More rain will drench much of the Southeast states this weekend into next week and beyond as the effects of El Niño ramp up moving into winter.
There is no sign of a lengthy break in the wet pattern from Louisiana to the Carolinas and part of Florida through November and December.
According to AccuWeather Chief Long Range Meteorologist Paul Pastelok, a parade of storms will continue to move eastward from the Pacific Ocean.
"There has been and will continue to be tropical moisture feeding into the storms time and time again in November, and we can attribute a significant part of the pattern to El Niño," Pastelok said.
During El Niño, warm tropical Pacific waters produce stronger and more frequent storms over the same ocean. The storms can then grab more moisture from the tropics upon moving eastward over land.
The forward speed of the storms will slow upon reaching the Southeastern states. The storm system this weekend into early next week will be no exception.
While the greatest risk of flooding is likely to be centered on Texas, Louisiana, Mississippi and Alabama this weekend, enough rain can occur to cause new rises on area small streams and rivers. Localized urban flooding is also a possibility.
In part of the lower Mississippi Valley, from 2 to 4 inches of rain is likely Saturday and Sunday.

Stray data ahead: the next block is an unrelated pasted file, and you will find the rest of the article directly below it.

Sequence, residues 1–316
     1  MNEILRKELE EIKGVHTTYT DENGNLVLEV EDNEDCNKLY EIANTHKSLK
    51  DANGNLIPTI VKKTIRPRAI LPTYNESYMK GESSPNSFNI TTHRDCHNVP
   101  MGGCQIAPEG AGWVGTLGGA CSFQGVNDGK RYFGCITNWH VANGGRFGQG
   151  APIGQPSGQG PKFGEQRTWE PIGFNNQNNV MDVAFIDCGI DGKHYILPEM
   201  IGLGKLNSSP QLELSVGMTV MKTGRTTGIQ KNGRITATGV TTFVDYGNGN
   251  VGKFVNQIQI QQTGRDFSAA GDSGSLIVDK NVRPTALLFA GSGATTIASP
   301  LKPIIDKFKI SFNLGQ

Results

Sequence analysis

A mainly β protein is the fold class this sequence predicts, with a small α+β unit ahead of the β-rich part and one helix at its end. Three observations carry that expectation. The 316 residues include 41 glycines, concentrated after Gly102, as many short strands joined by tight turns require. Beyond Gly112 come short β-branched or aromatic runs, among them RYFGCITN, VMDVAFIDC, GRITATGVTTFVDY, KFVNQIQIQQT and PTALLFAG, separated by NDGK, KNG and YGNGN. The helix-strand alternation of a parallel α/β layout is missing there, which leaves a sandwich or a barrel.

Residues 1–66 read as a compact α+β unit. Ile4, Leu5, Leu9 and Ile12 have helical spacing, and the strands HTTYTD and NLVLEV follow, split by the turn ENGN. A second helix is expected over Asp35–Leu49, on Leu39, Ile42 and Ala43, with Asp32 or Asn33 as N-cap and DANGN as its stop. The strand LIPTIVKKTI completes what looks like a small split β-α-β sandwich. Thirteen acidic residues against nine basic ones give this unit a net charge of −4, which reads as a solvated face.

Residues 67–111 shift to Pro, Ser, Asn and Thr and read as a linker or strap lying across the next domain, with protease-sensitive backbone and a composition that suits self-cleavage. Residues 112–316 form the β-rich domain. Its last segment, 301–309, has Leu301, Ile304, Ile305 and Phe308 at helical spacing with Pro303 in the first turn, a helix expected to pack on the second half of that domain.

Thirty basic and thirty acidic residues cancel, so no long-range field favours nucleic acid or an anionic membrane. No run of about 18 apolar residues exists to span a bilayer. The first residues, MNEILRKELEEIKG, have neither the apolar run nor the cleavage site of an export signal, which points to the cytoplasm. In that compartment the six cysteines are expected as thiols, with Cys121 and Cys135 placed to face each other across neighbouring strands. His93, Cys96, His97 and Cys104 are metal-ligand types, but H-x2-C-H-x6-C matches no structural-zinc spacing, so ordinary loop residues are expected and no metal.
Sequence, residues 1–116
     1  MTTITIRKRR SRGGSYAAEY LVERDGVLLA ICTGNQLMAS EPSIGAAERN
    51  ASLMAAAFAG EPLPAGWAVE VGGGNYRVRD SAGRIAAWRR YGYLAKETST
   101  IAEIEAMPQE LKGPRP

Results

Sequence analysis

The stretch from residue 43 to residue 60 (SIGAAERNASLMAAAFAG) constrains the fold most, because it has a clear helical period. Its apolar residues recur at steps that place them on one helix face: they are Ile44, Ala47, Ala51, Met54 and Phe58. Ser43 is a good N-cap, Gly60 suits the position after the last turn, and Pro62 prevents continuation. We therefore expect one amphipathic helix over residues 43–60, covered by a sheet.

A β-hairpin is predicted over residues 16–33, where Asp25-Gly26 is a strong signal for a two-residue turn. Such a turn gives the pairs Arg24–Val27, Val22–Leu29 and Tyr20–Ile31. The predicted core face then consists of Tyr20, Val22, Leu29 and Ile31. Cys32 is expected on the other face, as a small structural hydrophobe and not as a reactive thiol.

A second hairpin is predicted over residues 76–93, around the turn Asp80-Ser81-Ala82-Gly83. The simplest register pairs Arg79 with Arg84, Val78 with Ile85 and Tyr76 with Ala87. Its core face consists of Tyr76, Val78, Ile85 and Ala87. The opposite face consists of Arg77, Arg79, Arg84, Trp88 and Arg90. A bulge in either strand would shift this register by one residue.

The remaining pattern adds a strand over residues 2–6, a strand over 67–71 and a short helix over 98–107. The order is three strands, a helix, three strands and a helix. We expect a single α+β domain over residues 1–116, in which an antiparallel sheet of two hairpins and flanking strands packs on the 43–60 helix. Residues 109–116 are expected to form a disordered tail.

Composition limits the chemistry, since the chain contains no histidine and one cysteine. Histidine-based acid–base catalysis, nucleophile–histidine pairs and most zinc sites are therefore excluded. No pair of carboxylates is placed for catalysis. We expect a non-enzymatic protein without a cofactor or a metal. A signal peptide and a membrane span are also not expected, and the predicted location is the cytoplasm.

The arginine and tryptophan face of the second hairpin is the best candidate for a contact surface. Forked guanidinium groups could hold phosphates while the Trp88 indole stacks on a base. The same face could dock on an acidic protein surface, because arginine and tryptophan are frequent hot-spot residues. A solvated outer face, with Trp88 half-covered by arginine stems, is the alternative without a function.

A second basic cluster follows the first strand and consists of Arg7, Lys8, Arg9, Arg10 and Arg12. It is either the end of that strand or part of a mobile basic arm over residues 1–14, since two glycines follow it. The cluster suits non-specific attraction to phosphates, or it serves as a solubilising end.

Farther east, the rain is likely to be less intense but it will last longer. From much of Alabama to Georgia, South Carolina, southern North Carolina, southeastern Tennessee and northern and central Florida, a general 1 to 2 inches of rain, with locally higher amounts, is in store from Friday night through Tuesday.
"Beyond early next week, we expect two to three additional big wet storm systems to impact the Southeastern states during November," Pastelok said.
There will be a break between the storms, which will last a couple of days, so it will not rain constantly. However, with lower evaporation rates during the late autumn, the ground will stay soggy. As a result, streams and rivers can rise with even a moderate rainstorm, leading to bouts of flooding.
When it is not raining, the damp ground could lead to episodes of widespread morning fog.
Looking ahead to December, Pastelok is not optimistic about the region drying out.
"Winter, especially December, is likely to be worse than the fall in terms of big wet storms and severe weather," Pastelok said.
As El Niño strengthens, the storms will get stronger and wetter in the Southern states.
The tropical influence thus far has been responsible for high humidity and above-average temperatures in much of the region thus far this autumn.
The majority of the Southeast will have to wait until the heart of winter for a few significant cool and dry outbreaks. The flow on the backside of strong and large-scale systems may be enough to get that accomplished.